The February output figures will be reviewed by a six-country monitoring committee of the OPEC/non-OPEC coalition, which meets on March 18 in Azerbaijan to discuss market conditions and assess compliance with the deal. The committee is co-chaired by Saudi Arabia and Russia.

Saudi Arabia, OPEC’s largest producer, has made good on its pledge to lead the coalition by example, slashing its output to 10.15 million bpd in February, the survey found. That is 160,000 bpd below its quota of 10.31 million bpd and the kingdom’s lowest output level since May 2018.

Venezuela, whose oil production has been declining for years due to underinvestment, technical problems and labour issues, pumped 1.10 million bpd in February, down 60,000 bpd month-on-month, as it has struggled to sell its crude since US sanctions were imposed in late January.

Iran managed to keep production steady in February, at 2.72 million bpd, the survey found, as several buyers in the month took advantage of sanctions waivers the US granted to eight countries to purchase Iranian crude.

CEO/Founder Investors King Ltd, a foreign exchange research analyst, contributing author on New York-based Talk Markets and Investing.com, with over a decade experience in the global financial markets.

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Economy

World Bank Calls on Nigeria to Impose Special Taxes on Alcohol and Tobacco

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The World Bank Group has made a call to the Federal Government of Nigeria, urging the government to impose special taxes on alcohol, cigarettes and beverages that are highly sweetened in order to improve primary healthcare conditions in the country.

Shubham Chaudhuri, who is the Country Director for Nigeria in the World Bank Group, said that an improvement in healthcare in Nigeria will come by taxing the things that are “killing us.” He said that the economic rationale for the action is quite strong if lives are to be saved and a healthier Nigeria achieved.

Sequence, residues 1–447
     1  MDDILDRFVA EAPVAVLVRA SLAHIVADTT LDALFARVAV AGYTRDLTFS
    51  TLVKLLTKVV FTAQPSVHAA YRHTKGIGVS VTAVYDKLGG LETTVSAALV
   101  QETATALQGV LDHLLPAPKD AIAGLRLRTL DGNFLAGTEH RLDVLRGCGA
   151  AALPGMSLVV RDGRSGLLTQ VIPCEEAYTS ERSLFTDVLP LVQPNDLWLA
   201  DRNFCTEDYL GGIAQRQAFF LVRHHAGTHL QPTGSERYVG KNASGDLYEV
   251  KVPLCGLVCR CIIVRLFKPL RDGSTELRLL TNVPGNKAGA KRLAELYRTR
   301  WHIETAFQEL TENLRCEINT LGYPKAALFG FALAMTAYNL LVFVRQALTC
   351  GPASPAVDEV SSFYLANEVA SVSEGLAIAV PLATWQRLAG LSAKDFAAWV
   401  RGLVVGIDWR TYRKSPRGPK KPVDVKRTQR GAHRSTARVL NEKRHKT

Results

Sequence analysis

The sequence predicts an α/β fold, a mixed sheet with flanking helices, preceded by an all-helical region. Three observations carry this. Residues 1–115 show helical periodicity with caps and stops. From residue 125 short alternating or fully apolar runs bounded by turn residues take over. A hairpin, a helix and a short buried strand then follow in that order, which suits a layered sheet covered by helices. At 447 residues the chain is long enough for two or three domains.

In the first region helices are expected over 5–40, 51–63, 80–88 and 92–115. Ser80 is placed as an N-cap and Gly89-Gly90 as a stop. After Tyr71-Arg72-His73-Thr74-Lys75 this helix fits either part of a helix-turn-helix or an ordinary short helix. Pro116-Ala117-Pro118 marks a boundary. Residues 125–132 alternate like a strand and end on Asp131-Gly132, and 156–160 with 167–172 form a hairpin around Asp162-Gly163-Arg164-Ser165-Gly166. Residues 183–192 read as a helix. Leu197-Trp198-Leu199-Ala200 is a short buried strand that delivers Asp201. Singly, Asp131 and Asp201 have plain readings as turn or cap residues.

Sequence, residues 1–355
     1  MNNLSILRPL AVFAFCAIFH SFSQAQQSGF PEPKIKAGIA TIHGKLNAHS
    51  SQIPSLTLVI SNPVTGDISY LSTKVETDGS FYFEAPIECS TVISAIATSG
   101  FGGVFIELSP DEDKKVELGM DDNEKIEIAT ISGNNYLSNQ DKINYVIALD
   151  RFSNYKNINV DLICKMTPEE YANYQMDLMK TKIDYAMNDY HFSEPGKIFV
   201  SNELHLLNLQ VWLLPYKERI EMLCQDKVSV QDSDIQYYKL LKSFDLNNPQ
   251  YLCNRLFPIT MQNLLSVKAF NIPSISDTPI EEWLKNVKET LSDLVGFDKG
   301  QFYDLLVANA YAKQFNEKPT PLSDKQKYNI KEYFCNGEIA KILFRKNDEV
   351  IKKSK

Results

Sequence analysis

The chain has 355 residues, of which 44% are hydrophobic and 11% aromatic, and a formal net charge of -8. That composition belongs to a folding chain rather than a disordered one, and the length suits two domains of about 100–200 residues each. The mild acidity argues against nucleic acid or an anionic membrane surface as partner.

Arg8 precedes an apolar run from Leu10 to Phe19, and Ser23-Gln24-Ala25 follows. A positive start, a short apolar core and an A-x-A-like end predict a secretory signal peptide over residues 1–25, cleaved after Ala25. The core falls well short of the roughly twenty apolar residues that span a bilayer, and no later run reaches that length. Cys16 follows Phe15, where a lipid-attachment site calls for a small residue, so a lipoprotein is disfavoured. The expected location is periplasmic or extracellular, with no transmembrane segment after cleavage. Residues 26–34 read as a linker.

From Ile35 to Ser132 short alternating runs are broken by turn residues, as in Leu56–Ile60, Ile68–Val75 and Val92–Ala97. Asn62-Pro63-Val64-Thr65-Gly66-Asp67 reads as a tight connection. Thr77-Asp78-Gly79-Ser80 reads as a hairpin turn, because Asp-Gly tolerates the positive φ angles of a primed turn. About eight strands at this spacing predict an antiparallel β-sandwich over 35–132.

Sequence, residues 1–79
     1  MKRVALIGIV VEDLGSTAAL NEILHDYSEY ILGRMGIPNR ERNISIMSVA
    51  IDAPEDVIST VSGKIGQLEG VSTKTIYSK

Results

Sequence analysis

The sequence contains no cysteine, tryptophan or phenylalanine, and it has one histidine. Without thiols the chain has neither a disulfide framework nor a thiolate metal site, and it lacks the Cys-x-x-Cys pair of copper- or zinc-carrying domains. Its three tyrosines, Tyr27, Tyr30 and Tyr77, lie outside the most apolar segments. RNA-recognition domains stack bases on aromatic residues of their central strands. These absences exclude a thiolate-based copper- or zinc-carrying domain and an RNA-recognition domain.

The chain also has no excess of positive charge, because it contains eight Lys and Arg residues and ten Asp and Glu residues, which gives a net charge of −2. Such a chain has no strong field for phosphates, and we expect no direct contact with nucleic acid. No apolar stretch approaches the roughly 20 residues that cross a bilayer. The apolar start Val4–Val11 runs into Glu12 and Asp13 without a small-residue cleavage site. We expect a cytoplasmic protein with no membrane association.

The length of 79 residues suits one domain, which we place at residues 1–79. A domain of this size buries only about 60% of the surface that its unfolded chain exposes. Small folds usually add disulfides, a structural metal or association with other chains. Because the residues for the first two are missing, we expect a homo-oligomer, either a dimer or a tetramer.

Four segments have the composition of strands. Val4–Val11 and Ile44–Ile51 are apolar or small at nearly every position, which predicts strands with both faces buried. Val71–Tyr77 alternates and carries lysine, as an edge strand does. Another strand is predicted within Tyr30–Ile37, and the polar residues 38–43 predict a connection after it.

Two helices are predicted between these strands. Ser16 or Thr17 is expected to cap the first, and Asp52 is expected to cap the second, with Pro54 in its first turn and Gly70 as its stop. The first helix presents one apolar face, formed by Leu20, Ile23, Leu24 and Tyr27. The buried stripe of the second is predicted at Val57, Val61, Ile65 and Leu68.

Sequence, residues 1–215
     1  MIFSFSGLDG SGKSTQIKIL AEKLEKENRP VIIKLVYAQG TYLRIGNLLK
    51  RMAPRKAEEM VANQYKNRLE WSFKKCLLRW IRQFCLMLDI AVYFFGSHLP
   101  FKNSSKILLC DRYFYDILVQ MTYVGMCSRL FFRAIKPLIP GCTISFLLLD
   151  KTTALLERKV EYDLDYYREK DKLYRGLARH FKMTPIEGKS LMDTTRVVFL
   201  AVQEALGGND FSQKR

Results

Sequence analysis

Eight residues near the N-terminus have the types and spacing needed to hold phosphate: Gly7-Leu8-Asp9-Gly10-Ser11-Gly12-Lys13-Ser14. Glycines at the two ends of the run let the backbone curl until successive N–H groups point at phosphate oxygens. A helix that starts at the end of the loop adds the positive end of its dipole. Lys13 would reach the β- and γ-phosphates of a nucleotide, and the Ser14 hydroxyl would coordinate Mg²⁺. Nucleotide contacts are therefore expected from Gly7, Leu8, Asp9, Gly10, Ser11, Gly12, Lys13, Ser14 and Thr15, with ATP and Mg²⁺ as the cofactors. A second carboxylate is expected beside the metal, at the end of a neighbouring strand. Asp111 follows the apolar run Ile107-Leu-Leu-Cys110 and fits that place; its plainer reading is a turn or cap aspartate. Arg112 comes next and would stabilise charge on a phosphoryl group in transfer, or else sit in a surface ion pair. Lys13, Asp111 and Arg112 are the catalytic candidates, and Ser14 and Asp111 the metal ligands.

Chaudhuri made the call on Friday, at a special National Council on Health meeting which was organized by the Federal Ministry of Health in Abuja. Chaudhuri stated that placing special taxes on tobacco, sweetened beverages and alcohol would reduce the health risks which come with their consumption and expand the fiscal space for universal health coverage after COVID 19.

The country director also said that investing in stronger health systems for all would make significant contributions to the fight against inequality and the rising poverty situation in the country. He went on to add that increasing health tax would provide an extra advantage of reducing healthcare cost in the future, by hindering the growth of the diseases which are caused by tobacco, alcohol and sugar-sweetened beverages.

The representative of the WHO in Nigeria, Dr Walter Mulombo said that he could confirm the large health needs of Nigerians, as well as the efforts being made to meet those needs. He said this was based on the fact that he had been to over half of Nigeria’s states in less than two years of being in the country.

Mulombo then noted that although the coronavirus exposed weaknesses in the global economy (not excluding health), it could be considered as a unique opportunity for a thorough examination of existing resources and mechanisms to prepare for a more resilient future.

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Economy

Nigeria’s VAT Revenue Falls to N500 Billion in Q3 2021, Manufacturing Sector in the Lead

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Value added tax - Investors King

In the third quarter of 2021, Nigeria generated a total sum of N500.49 billion as value-added tax which represents a 2.3% decline when compared to the N512.25 billion recorded in the second quarter of the year.